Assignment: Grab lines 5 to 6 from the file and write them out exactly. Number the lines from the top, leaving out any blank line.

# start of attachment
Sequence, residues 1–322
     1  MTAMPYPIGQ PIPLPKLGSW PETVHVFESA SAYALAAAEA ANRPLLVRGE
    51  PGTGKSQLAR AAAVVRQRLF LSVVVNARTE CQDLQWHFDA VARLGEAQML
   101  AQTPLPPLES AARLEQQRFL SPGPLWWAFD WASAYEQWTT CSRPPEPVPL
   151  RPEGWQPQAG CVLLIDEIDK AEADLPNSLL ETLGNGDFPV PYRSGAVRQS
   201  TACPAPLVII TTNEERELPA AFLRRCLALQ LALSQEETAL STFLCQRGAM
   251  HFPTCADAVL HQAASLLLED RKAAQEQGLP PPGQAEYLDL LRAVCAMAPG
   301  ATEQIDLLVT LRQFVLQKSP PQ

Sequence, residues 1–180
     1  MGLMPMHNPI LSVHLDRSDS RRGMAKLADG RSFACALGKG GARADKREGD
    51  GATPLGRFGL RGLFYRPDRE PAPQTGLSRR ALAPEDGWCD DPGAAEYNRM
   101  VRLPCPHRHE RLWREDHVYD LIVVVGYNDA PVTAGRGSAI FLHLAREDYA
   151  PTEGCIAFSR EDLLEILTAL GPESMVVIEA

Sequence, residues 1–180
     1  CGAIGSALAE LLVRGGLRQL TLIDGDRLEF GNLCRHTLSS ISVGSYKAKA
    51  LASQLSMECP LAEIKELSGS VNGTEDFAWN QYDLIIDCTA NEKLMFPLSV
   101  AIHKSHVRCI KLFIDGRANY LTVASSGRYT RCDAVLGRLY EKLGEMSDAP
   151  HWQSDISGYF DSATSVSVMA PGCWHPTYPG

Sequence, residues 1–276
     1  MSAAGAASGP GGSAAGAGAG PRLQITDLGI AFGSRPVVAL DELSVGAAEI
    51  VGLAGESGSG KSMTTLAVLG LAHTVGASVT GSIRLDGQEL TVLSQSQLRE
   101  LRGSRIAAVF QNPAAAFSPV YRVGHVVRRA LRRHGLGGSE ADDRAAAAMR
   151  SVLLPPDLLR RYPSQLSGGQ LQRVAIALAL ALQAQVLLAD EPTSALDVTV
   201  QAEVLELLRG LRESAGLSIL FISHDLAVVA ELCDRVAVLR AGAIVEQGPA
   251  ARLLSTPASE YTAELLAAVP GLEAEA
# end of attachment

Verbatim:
   151  RPEGWQPQAG CVLLIDEIDK AEADLPNSLL ETLGNGDFPV PYRSGAVRQS
   201  TACPAPLVII TTNEERELPA AFLRRCLALQ LALSQEETAL STFLCQRGAM